Dementia is a general term for loss of memory and other mental abilities severe enough to interfere with daily life.
Recently I attended a fascinating lecture and wanted to share some of it with my readers, so I took notes. The professor that spoke is from the University of Minnesota and holds a Ph.D. in neuroscience. His name is Dr. William H. Frey II. He studies prevention and treatment of brain disorders and has developed a method to improve memory in both Alzheimer’s patients and normal adults. It is called intranasal insulin. This finding is non-invasive and may help in other brain diseases as well. Although it’s very early, Dr. Frey’s discovery shows a lot of promise in treating Alzheimer’s by the delivery of insulin to the brain. (Dementia could be called diabetes of the brain.) Even though this type of Dementia is non-reversible it’s a start and makes the disease more manageable.
There are many types of dementia, but the three main ones are: Alzheimer’s (2/3 of dementia patients have this type.), Vascular and Lewy Body.
Dementia is not a normal step in the aging process, but people are more apt to develop Alzheimer’s as they age, with symptoms often appearing after the age of 60. It is believed that this can start to have an effect on the memory center long before a person shows any symptoms. It can take 8 to 10 years for the disease to progress to its worst stage. Even though there is not a cure for Alzheimer’s disease, the progress of the disease can be slowed by certain treatment options.
This is a type of dementia that, like Alzheimer’s disease, causes loss of memory and cognitive abilities and most commonly affects patients over the age of 60. But unlike Alzheimer’s where the symptoms come on gradually, the symptoms of vascular dementia may come on more quickly, with memory loss being one of the last symptoms to appear.
Vascular dementia is different from Alzheimer’s in that it is caused by damaged blood vessels in the brain, commonly caused by strokes. Atherosclerosis– the shrinking of the blood vessels, allowing for fatty deposits to collect– can also be a cause, as well as high blood pressure. Regardless of the cause of blood vessel damage, the result is the same — decreased blood flow to the brain.
Approximately 20% of all dementia cases are vascular, making it the second most common type. Risk factors include a history of heart attacks, strokes – especially multiple strokes, diabetes, or high blood pressure.
DEMENTIA WITH LEWY BODIES
This is the third most common form of dementia and is caused by build-ups of a certain type of protein in the brain. These deposits are called Lewy bodies and they effect a
person’s perception, behavior, and thinking. Lewy bodies are often found in Parkinson’s disease and Alzheimer’s patients, making this form of dementia harder to diagnose.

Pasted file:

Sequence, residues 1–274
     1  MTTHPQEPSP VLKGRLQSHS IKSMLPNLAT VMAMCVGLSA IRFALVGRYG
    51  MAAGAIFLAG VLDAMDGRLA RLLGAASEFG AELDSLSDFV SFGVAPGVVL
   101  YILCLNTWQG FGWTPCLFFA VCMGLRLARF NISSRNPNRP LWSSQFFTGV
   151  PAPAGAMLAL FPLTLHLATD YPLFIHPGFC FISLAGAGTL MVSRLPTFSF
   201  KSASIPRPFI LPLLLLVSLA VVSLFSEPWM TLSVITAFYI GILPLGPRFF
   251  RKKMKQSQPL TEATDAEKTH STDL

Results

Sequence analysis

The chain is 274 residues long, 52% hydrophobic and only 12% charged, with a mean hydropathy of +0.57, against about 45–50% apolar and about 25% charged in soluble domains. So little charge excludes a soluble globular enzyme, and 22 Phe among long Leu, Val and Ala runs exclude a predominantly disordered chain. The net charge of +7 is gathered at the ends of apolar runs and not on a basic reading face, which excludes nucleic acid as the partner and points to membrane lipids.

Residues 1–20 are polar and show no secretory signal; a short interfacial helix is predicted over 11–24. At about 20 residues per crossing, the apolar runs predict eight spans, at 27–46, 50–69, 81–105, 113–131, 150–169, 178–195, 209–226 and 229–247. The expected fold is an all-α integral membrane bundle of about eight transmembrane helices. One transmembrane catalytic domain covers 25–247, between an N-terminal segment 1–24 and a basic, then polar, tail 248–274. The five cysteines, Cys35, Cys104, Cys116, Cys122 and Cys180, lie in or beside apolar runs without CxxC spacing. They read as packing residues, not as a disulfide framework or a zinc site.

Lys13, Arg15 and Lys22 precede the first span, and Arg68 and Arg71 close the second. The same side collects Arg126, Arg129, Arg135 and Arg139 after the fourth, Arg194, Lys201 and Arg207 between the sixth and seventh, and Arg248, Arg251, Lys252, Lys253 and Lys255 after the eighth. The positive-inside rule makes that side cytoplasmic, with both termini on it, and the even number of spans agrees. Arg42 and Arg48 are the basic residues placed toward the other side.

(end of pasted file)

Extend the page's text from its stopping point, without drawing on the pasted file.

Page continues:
Unlike Alzheimer’s and Vascular Dementia, some of the symptoms of Dementia with Lewy bodies resemble those of Parkinson’s disease, such as muscle stiffness, slow movements or a shuffle when walking, falling, and tremors. Unlike any other form of dementia, this form also can present with hallucinations or delusions (which may fade out in time), severe sleep issues, acting out dreams, and extreme drowsiness followed by sudden spurts of energy.
This has been just a brief overview of the three most common types of dementia. As you can see, many symptoms can overlap, and it can be difficult to properly diagnose a patient suffering from dementia. If you suspect that a loved one is suffering from any of these types of dementia, it’s best to take him or her to a specialist for further diagnosis, and to always stay as informed as possible as a caregiver.
Although getting older is the biggest risk factor for dementia, evidence shows there are things you can do to help reduce your own risk. These include keeping active, eating healthfully and exercising your mind. Dr. Frey’s suggestions for prevention are:
- Use helmets on bikes or any sport.
- Exercise—very important.
- Keep mentally and socially active.
- Take Vitamin D–ask your doctor. (B-12 may be a factor as well)
- Have blood tests as your doctor advises-keep thyroid normal.
- Eating right. Plant foods play an important role on the brain.
The new MIND diet is good-some claims are made that it cuts down the risk of
Alzheimer’s by 50%! Some good foods are:
Green leafy vegetables, nuts, especially walnuts, berries, especially blueberries, whole
beans and fish (at least once per week, hopefully 2-3 times a week). Good
examples are salmon, tuna, herring, sardines, and black cod.
Have less butter, cheese and whole milk (buying low or non-saturated fat products is
okay). Have meat less frequently. Another healthy choice is green tea.
The MIND diet is like the Mediterranean Diet. click here to read my past blog on the Mediterranean Diet
Another popular diet is The Nordic Diet, which is also much like the Mediterranean Diet. All these diets emphasize whole grains such as barley, rye and oats, berries, vegetables, fatty fish and legumes, and are low in sweets and red meat.